Vivek Haldar

The lure of work

It is common to see and hear of people compromising their health and relationships for work. It has become a staple of the modern world.

To me, the crucial question is: what is the lure of work, specifically for engineers? I find it hard to believe that somebody pushed themselves to this level of personal sacrifice because their manager pushed them, or because they were coerced in some way. There has to be a deeper reason: they did it because they wanted to. Haven’t we all sometimes treated work as a refuge from home, rather than the other way round. Question is: why, in spite of the obvious costs? What is the lure of work?

I remember when I got my first computer, a PC AT, back in high school. I couldn’t get my hands off it for the next thirty six hours, at which point my body refused to co-operate. Afterwards, I spent hours every day on it, tinkering, learning, exploring… having fun, losing myself.

This is pretty much the story of every computer geek, right?

You grow up, you build deeper relationships, you get responsibilities, you have the entire world inundating you. It’s all very enriching and exciting. Yet, you find yourself always coming back to this inanimate object that is almost a shelter. Tinkering, exploring, learning… having fun, losing yourself.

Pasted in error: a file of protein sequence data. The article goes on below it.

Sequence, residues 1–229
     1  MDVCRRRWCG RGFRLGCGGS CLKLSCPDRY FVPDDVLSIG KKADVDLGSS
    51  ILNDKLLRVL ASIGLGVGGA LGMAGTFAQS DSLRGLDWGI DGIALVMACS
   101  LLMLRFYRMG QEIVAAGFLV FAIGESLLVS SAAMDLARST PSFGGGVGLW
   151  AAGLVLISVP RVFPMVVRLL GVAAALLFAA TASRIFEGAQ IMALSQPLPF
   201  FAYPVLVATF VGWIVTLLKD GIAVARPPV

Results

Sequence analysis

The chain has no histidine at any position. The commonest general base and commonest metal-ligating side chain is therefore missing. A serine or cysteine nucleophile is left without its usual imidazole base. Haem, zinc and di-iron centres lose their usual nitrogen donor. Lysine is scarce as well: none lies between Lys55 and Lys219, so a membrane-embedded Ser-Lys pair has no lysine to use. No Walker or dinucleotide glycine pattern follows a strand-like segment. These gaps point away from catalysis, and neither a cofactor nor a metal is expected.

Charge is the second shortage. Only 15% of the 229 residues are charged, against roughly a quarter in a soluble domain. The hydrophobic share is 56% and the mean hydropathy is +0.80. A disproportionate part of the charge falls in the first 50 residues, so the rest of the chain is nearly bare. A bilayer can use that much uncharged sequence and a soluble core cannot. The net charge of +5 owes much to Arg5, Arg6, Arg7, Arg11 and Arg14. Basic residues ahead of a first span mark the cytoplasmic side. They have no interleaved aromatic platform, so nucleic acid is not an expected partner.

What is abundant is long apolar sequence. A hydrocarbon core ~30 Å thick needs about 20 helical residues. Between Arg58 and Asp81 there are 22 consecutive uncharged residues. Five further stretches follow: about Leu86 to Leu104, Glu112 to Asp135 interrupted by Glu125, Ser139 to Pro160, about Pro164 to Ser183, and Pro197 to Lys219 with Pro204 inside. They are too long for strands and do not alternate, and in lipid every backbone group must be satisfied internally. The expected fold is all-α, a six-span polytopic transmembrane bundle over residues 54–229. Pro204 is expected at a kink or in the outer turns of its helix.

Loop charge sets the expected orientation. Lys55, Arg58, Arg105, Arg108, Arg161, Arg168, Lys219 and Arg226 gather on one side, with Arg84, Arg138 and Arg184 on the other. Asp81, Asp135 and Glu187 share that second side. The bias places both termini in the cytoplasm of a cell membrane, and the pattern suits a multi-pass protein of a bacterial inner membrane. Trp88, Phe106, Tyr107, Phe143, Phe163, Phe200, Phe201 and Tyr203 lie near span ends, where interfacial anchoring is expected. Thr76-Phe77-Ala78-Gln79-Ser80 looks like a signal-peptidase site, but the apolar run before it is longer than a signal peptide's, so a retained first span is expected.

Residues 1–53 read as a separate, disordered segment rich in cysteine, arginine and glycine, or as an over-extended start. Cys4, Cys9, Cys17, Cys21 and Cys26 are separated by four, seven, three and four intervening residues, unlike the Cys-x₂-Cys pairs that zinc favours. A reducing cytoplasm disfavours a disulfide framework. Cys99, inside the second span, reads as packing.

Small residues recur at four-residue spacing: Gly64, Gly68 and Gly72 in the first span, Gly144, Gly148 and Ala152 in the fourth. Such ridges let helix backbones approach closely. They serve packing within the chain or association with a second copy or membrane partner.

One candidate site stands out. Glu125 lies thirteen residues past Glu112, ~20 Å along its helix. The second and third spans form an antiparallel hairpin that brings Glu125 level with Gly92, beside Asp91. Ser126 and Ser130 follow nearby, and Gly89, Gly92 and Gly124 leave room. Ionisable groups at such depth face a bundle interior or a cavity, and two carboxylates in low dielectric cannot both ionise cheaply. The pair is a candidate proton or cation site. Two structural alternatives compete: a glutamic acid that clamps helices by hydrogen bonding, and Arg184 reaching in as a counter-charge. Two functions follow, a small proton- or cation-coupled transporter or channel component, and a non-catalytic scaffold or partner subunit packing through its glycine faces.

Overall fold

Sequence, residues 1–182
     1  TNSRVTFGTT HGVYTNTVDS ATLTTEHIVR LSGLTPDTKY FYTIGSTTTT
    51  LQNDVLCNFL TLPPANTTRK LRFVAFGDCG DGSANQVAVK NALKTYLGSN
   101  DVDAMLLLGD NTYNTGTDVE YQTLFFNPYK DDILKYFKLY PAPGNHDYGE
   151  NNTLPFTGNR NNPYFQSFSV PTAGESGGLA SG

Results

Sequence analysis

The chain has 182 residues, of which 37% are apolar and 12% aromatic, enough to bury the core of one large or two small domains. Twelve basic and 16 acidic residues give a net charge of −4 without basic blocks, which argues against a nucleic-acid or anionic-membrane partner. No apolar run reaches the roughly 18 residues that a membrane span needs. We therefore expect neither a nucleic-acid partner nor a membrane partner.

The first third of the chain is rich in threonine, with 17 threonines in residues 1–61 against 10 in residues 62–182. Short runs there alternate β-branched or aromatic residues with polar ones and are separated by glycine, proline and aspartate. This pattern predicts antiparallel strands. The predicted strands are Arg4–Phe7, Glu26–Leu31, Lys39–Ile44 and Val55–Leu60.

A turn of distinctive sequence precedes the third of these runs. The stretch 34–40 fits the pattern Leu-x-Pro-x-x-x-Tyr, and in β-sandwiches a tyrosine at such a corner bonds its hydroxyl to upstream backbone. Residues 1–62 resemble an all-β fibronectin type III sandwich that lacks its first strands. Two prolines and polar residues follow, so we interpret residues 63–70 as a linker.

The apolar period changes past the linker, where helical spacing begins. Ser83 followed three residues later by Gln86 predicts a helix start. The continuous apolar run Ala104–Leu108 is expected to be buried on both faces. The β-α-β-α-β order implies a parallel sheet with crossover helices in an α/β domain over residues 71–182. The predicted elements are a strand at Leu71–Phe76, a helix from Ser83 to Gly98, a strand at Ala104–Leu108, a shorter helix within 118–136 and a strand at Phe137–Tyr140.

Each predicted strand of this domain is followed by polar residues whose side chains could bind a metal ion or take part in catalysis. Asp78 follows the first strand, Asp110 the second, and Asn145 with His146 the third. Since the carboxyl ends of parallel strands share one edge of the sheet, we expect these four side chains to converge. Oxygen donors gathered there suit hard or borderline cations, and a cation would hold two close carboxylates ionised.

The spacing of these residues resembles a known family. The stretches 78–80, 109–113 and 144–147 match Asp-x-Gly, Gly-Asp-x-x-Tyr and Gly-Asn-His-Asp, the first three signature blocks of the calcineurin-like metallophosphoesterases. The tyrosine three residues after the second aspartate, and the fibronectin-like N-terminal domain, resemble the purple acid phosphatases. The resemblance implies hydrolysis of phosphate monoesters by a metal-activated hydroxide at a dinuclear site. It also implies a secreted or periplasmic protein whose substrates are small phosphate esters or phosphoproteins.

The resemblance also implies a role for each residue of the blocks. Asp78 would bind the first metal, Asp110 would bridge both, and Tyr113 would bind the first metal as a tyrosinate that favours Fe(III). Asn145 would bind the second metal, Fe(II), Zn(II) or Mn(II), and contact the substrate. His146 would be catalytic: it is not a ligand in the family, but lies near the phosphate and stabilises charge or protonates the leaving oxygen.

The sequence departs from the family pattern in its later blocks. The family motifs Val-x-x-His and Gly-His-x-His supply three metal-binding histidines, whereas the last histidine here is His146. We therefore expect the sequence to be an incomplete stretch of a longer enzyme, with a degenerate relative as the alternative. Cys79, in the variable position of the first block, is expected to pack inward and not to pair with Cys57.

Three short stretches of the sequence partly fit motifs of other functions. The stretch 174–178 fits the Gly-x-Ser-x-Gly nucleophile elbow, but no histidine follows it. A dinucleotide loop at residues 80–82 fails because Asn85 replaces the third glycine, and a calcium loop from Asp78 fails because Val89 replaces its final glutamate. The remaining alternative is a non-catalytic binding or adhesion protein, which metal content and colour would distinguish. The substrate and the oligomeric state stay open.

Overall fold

The world of humans is messy, unpredictable, and–this is the part that infuriates you the most, the part you simply don’t get, the part that will forever make you an outsider–unreasonable. Humans are unreasonable. Your whole life, you’ve trusted one thing to save you. And saved you it has, again and again, without fail. That one thing is reason. Computers are a tool of reason, to be handled by people who obey the code of reason. People who are involved with computers, they’re reasonable, just like you. You all share a deep, unspoken bond. You’re all worshipers in the church of reason.

Welcome home.